Turkish Prime Minister Ahmet Davutoglu has said that a drone shot down by the Turkish air force on Oct. 16 was made in Russia. Source: ReutersReuters
Turkish Prime Minister Ahmet Davutoglu said on Oct. 19 that a drone shot down by the Turkish air force on Oct. 16 was made in Russia, the online newspaper Vzglyad reports.
"The downed drone is Russian-made," Davutoglu told the A Haber television channel.
"But Russia has told us that it doesn't belong to them. It may belong to the al-Assad regime, Syrian Kurds or other forces."
The Russian Defense Ministry said as early as Oct. 16 that the Russian air force had suffered no losses.
Denis Fedutinov, a UAV (unmanned aerial vehicle) expert and the chief editor of the Russian website UAV.ru, does not rule out that the downed aircraft did belong to the Syrian army or Kurdish guerrillas.
"Russia has already delivered unmanned systems to Syria," he told Vzglyad.
"In particular, it supplied Pchela drone systems, a rather old development dating back to the Soviet era. However, according to some reports, short-range Eleron-3 drones have also been supplied in recent years.
"Essentially, these two facts suggest that Moscow has experience of working with Damascus in the supply of such equipment. In principle, we cannot rule out the delivery of any other systems, too."
He admitted that he still could not recognize the aircraft in the photograph released by the Turkish authorities.
"My colleagues and I carefully looked at the pictures. We have not seen such a system at any public events. I think it is an undisclosed development," he said.
The United States has announced that it is ready to sit down at the negotiating table over issues related to Syria, the business daily RBK reports. Speaking in Madrid on Oct. 19, Secretary of State John Kerry announced plans to hold consultations with the participation of Russia, Saudi Arabia, Turkey and Jordan.
A source in the Russian Foreign Ministry confirmed receiving an offer from Washington to join the talks, but the format and content of the consultations have not yet been determined.
"This is now being considered," the source said. The U.S. Embassy's spokesman Will Stevens noted that Washington and Moscow were consulting on "technical issues and flight safety in order to ensure that we do not see any conflict between the U.S. and Russia in the air."
Last week, Russian President Vladimir Putin said that he had proposed to Washington to hold extensive talks on the Syrian issue – the Russian delegation was to be headed by Prime Minister Dmitry Medvedev. The U.S. refused. Stevens did not elaborate on why Washington had changed its mind.
According to Leonid Isayev, a political scientist at the Higher School of Economics in Moscow, each party wants to hold the initiative in resolving the Syrian crisis; it is a "matter of image."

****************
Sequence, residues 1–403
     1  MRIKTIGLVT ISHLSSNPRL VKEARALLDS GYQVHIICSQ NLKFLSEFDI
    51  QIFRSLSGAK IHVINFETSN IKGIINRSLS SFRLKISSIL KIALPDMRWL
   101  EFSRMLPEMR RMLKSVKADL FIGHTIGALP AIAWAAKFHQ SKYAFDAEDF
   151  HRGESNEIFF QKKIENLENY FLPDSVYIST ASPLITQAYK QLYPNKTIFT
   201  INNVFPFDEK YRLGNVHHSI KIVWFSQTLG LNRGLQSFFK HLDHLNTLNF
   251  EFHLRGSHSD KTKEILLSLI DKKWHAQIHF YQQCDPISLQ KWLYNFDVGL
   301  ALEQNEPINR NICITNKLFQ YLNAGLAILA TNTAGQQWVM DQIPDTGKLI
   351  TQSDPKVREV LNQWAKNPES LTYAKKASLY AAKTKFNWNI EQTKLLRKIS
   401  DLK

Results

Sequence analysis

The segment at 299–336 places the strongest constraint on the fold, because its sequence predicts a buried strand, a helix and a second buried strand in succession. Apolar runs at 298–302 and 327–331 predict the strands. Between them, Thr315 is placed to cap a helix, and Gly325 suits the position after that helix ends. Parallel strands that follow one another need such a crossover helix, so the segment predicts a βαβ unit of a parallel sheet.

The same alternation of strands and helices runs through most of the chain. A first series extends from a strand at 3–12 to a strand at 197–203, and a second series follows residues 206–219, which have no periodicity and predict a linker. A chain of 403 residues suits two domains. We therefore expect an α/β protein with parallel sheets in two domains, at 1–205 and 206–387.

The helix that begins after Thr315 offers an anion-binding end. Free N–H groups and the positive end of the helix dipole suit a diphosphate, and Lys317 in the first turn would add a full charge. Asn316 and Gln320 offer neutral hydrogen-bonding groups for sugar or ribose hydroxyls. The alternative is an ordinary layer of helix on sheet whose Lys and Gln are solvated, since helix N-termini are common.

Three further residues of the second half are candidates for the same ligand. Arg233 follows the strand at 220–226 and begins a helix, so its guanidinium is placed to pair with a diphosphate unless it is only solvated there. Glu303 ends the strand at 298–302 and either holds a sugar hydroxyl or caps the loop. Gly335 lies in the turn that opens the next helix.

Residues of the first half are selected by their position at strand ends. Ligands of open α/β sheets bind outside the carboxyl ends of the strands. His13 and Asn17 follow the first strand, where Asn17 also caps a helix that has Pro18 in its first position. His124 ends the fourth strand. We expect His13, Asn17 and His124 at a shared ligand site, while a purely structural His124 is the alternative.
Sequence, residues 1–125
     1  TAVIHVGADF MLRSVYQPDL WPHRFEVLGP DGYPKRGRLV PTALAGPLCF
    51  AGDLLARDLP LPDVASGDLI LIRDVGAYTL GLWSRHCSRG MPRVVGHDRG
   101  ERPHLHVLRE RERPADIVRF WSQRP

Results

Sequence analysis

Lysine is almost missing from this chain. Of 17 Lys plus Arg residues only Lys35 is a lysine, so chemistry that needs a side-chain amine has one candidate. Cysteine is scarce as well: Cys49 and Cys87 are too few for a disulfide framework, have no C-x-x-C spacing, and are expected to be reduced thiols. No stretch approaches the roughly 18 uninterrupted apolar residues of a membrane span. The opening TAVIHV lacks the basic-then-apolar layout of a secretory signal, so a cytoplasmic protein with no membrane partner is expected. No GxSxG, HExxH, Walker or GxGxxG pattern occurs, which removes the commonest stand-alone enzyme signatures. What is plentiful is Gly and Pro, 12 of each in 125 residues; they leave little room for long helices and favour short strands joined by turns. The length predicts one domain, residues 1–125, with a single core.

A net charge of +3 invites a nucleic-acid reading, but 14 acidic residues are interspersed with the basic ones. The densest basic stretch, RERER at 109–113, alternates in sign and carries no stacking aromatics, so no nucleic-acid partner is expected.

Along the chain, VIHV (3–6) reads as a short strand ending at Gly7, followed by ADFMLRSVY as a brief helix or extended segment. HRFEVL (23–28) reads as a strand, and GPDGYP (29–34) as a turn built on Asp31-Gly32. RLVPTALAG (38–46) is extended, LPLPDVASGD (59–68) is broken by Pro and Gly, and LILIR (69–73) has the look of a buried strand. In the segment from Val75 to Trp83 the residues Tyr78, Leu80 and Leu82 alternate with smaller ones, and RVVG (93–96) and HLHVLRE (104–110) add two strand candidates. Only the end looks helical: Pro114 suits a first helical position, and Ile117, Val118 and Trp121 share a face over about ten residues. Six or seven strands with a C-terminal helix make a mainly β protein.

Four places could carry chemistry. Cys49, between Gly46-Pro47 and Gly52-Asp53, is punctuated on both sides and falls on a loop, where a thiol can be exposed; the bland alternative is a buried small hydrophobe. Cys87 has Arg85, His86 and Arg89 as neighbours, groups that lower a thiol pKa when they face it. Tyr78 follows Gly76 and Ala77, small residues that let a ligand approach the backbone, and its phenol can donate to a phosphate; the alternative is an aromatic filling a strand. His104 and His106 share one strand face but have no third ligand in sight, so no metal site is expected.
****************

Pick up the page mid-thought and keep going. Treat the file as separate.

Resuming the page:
However, Isayev added that both sides understand that the question of the resignation of Syrian leader Bashar al-Assad is “not on the immediate agenda.”
"It is about image,” he said. “President Putin has personally backed al-Assad and will not give up on him, while the U.S. and its allies have relied on the Syrian opposition and, no matter how ineffective it may be and how much its supporters desert, they will not give up on it."
The opening of the new American Center in Moscow took place on Oct. 20, the business daily Kommersant reports. It is now on the premises of the U.S. Embassy.
As explained by the embassy's spokesman Will Stevens, the new American Center will hold cultural and educational events. It will also provide access to online libraries and the U.S. media.
The move was a forced measure after the Russian authorities had decided to close down the American Center at the Rudomino Library of Foreign Literature in Moscow in mid-September.
According to Stevens, Washington believes that it is "part of the Russian authorities' systematic efforts to isolate the Russian citizens from the rest of the world."
"For example, in 2014, Russia cancelled the FLEX student exchange program, which allowed more than 8,000 Russian school students to live and study in the United States for a year," he said.
"In 2013-2014, the Russian authorities closed down all the 29 ‘American Corners’ that existed in the libraries in the regions of Russia."
The former American Center will be replaced by the library's North American culture department. The cultural centers of other countries (Azerbaijan, Bulgaria and the UK) will continue their work in the old format.
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